How to Wean the Poor from Medicaid

What will welfare reform mean for medical care of the poor? Welfare recipients today get Medicaid, which amounts to government-paid free health care. If they go to work they will sooner or later lose Medicaid, leaving some without health insurance altogether. Thus, any plan to end “welfare as we know it” must deal with the question of health insurance for newly employed former Medicaid beneficiaries.

Medicaid has conditioned its recipients to look upon health care as free. It creates an incentive to overuse and abuse medical services. The challenge, therefore, is to craft a plan that would enable former welfare recipients to develop a sense of personal responsibility in using the health-care system, while ensuring that they have the care they need.

Medical savings accounts fit this bill perfectly. MSAs are a “soft” way to teach the “tough-love” principle that actions have consequences. Former welfare recipients will quickly learn that overuse or abuse of the health-care system will mean fewer dollars left over in their MSAs at the end of the year. They will thus teach themselves that wise use of health-care funds brings a year-end bonus that they can spend on other things. Medical care will not suffer during the learning process.

The MSA would be combined with a high-deductible “catastrophic” health insurance policy. The MSA, therefore, would pay for the deductible on this policy. The individual’s maximum annual out-of-pocket medical expense would be the gap between the MSA amount and the deductible on the insurance. Any unspent MSA funds at the end of the year could be rolled forward to next year. The individual would make his own health-care decisions.

A system of MSAs for former welfare recipients can be created by converting Medicaid to a more general system of low-income health insurance subsidies. The details would vary from state to state, but the general outline of such a plan is simple: Carve out welfare and Medicaid funds into a separate Low Income Health Assistance Fund. Since Medicaid currently offers very generous coverage, those resources will be large. Based upon the number of welfare recipients and working poor in each state, the authorities would determine the level of the deductible on catastrophic insurance they would subsidize. They would also set up a schedule determining contributions to each family’s MSA, phasing down and eventually out as incomes increase. For the lowest earners, the gap between the insurance policy deductible and the MSA amount would be small.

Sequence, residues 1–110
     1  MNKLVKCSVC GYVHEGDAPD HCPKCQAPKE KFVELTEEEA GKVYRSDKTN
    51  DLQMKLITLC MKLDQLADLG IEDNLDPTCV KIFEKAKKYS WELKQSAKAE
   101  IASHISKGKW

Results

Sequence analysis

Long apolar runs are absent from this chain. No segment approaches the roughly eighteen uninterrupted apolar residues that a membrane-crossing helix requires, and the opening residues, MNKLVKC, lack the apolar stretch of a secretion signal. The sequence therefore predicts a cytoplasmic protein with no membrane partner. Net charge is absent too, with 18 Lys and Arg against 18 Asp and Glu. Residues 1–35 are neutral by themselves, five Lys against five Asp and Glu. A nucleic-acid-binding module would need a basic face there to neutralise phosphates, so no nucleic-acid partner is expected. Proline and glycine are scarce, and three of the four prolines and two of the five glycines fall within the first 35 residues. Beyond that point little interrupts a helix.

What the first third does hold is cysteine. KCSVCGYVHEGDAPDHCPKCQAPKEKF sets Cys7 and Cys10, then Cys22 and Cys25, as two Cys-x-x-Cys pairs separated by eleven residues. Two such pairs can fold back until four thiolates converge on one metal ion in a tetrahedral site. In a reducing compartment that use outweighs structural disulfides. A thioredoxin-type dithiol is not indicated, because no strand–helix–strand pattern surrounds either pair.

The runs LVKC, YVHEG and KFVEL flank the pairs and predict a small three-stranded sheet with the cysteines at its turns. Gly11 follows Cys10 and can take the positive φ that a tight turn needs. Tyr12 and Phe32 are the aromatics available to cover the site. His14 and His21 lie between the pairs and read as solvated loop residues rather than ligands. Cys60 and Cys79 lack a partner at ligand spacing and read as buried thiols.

Former welfare recipients finding jobs with employment-based health insurance would be offered the choice of the subsidized MSA or their employer’s insurance. Employers of those choosing the MSA would be required to make a payment to the Low Income Assistance Fund in exchange for being relieved of the responsibility for insuring those employees.

This program must apply to all low-income families, not just former welfare recipients. If it applied only to former welfare recipients, the working poor would have an incentive to cycle into welfare so that cycling out would carry a health-insurance subsidy. Further, a policy that made former welfare recipients better off than equally situated workers who were never on welfare would breed resentment among the latter group.

One drawback to this plan is the implicit marginal tax rate involved with phasing down the MSA contribution with rising income. That is, the reduction in the MSA subsidy as income increases acts as a kind of tax, diminishing the incentive to earn more. While there is no way to avoid this completely (short of subsidizing everyone’s health insurance), care in crafting the phase-out schedule can minimize the disincentive. Using Indiana data, I calculate that the implicit marginal tax rate can be reduced to about 20 percent. This is higher than desirable, but it is not prohibitive. It certainty is better than the present “all or nothing” Medicaid coverage under which welfare recipients often cannot afford to work for fear of losing their health coverage.

MSAs are such a good idea that they may well be inevitable. Why not let the poorest among us be the wave of the future?

Mr. Styring is a senior fellow at the Hudson Institute in Indianapolis, Indiana. Reprinted with permission of the Wall Street Journal, where it first appeared in October 1996.

Posted in: Health Care, News Series